ACRL IS Current Issue Discussion Digest –ALA Annual 2016
They’ve Already Come (Now We Need to Build It): Constructing a First-Year Experience for Graduate Students
Discussion Conveners: Dr. Wendy Doucette, Graduate Research and Instruction Librarian and Ms. Joanna Anderson, Distance Education Librarian from East Tennessee State University
June 25, 2016 | 4:30pm – 5:30pm
Orlando, FL | Convention Center, Orange Ballroom C
College and university librarians take for granted the need to provide research and outreach support to undergraduates as part of their “first-year experience.” This commitment to supporting student success is widespread…to a point. Graduate students face the same problems encountered by undergraduates—new subject, new environment, first-time responsibilities, enhanced workload—yet are often left to fend for themselves. While many manage to succeed in the “sink or swim” environment, without adequate administrative and library support, graduate students are just as likely as undergraduates to flounder and even to fail. Even worse, the likelihood of additional family and work responsibilities, greater financial burdens, and the shared stigma of being “older students” can all add to the burden of post-baccalaureates.
Aligning initiatives with administrative goals is critical to success, as is framing graduate programs within the larger existing context of institutional information literacy programs. This session is predicated on the belief that targeted, relevant, practical training and support are essential to the first-year graduate experience and that one of the cornerstones of the program should be the academic library. The objective of this discussion is to generate ideas about what would constitute the library’s responsibility towards a first-year experience for graduate students.
While we know that the best approach to reaching and helping graduate students to succeed in their programs will not be one-size fits all, we anticipate there will be common ground regarding successful approaches and outreach, lessons to be learned from failed attempts, and productive new ideas to be implemented.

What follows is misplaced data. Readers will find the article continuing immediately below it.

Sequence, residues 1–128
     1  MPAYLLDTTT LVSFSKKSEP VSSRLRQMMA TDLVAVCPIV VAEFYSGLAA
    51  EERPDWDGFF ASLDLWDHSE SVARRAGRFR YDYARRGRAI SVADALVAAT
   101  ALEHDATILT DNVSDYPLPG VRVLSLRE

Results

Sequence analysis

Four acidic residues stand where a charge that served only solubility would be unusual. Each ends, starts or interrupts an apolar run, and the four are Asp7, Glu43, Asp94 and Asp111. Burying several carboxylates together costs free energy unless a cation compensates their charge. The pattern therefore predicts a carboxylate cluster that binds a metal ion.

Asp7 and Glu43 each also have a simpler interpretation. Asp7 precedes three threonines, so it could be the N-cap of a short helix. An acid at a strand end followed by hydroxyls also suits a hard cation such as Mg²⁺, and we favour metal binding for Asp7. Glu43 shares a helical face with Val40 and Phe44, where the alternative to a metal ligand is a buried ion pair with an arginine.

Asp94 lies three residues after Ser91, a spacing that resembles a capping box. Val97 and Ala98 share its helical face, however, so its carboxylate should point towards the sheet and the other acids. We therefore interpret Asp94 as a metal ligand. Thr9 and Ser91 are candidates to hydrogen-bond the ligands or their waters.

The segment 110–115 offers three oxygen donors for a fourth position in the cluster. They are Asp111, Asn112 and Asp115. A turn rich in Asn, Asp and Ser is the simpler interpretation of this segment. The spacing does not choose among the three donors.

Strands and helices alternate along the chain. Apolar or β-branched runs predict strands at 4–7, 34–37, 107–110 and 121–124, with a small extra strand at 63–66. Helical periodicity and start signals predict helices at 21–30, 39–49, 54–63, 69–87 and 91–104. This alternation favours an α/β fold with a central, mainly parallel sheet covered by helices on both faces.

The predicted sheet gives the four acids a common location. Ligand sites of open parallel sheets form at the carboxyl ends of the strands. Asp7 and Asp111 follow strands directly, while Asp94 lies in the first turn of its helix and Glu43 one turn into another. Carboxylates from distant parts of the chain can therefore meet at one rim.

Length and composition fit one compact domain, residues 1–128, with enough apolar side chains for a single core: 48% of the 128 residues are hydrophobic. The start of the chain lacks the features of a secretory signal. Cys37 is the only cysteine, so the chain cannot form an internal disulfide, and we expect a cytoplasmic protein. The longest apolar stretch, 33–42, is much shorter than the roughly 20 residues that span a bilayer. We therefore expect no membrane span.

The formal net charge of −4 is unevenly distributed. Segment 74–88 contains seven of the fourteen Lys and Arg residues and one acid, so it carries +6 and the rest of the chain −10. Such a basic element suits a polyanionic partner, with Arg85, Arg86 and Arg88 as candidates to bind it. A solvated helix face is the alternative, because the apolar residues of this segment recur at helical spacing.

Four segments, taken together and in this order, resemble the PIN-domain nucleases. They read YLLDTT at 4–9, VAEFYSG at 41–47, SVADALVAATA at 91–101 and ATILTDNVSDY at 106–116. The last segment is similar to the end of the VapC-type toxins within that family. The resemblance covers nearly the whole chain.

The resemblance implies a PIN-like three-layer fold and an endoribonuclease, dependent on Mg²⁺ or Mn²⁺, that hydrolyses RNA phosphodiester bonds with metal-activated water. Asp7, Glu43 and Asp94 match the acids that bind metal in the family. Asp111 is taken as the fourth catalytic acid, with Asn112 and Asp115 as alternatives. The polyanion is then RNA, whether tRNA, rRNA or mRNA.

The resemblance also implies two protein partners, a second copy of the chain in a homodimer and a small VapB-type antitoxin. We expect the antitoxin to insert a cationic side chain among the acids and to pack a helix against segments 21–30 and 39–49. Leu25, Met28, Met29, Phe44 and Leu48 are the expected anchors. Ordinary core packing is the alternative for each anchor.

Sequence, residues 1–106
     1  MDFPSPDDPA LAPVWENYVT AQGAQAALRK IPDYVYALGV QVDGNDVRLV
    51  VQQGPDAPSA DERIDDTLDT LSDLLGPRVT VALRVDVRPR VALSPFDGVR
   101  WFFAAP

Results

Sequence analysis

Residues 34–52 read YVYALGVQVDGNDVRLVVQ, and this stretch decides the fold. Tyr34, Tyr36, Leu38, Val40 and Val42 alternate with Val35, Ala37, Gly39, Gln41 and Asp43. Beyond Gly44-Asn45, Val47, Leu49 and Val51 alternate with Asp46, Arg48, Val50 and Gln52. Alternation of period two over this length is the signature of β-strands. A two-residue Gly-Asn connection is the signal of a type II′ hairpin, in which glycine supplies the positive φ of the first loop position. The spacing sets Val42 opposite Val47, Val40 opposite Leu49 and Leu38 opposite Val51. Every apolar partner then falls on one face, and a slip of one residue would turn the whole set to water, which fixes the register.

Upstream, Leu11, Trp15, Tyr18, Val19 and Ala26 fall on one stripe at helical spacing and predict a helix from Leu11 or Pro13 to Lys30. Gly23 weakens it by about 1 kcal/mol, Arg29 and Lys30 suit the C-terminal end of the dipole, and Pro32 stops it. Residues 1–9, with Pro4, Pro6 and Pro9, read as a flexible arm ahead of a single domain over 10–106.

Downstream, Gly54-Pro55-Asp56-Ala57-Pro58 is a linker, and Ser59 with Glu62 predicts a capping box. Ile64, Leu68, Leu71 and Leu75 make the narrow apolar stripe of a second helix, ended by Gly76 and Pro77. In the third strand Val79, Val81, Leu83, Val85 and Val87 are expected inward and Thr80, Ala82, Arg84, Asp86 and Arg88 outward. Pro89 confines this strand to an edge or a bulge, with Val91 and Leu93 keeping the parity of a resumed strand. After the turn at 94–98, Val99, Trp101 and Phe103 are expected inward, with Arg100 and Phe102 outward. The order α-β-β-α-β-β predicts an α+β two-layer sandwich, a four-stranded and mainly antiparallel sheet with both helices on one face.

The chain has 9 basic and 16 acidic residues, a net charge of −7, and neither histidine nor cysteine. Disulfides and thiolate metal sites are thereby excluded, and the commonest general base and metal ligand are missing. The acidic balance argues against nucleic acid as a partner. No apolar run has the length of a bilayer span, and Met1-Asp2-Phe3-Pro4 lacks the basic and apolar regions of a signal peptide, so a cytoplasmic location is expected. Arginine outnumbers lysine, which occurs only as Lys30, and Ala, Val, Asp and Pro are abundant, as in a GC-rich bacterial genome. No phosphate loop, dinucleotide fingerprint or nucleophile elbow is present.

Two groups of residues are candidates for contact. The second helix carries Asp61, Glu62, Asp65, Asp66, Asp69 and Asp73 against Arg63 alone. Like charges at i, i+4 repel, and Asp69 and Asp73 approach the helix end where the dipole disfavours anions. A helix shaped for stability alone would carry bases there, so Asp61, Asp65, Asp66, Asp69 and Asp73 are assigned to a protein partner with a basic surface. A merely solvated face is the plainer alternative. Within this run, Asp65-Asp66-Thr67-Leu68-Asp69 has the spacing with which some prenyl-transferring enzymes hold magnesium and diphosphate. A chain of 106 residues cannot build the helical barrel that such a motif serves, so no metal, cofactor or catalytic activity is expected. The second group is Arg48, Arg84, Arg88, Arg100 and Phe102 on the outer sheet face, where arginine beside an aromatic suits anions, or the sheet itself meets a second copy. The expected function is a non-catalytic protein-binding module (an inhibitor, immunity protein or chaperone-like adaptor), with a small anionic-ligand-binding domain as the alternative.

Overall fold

Part One: Building or maintaining a Graduate First-Year Experience
- Does your library provide a “first-year experience” for graduate students?
- If yes, are these events primarily social or academic or both? How often are they held? Are they well attended? Do you have more than one event for particular groups of students (for a particular program or College or any other type of division)? Do you hold separate events for in-person and online students?
- If no, what methods do you use to serve your beginning graduate students? Do you feel they successfully provide students with a “first-year experience?” If yes, what services do you provide? If no, what support would you need to begin a more formal program? Are there significant differences in service and support provided to in-person or online students?
Part Two: Strategies for growth and continued success
- How can we assess our programs in a way that provides genuine, constructive feedback?
- Which departments on your campus are most critical to the success of your program? What strategies will best allow you to build relationships with these groups?
- Which marketing measures have you tried in the past? Which were the most successful? Which new avenues could you pursue?
Andrea Baruzzi and Theresa Calcagno. “Academic Librarians and Graduate Students: An Exploratory Study.” Portal: Libraries and the Academy 15, no. 3 (2015): 393-407. Accessed May 3, 2016.
Critz, Lori, Mary Axford, William M. Baer, Chris Doty, Heidi Lowe, and Crystal Renfro. “Development of the Graduate Library User Education Series.” Reference Services Review 40, no. 4 (2012): 530-542. Accessed May 4, 2016. doi:http://dx.doi.org/10.1108/00907321211277341.
Monroe-Gulick, Amalia and Julie Petr. “Incoming Graduate Students in the Social Sciences: How Much Do They Really Know about Library Research?” Portal: Libraries and the Academy 12, no. 3 (2012): 315-335. Accessed May 3, 2016.
Roszkowski, Beth, and Gretchen Reynolds. “Assessing, Analyzing, and Adapting: Improving a Graduate Student Instruction Program through Needs Assessment.” Behavioral & Social Sciences Librarian 32, no. 4 (2013): 224-239. Accessed May 3, 2016, http://dx.doi.org/10.1080/01639269.2013.837798.
Siegel, Gretta. Libraries and Graduate Students: Building Connections. Routledge, 2013. Switzer, Anne, and Sherry Wynn Perdue. “Dissertation 101: A Research and Writing Intervention for Education Graduate Students.” Education Libraries 34, no. 1 (2011):4-14, accessed May 3, 2016,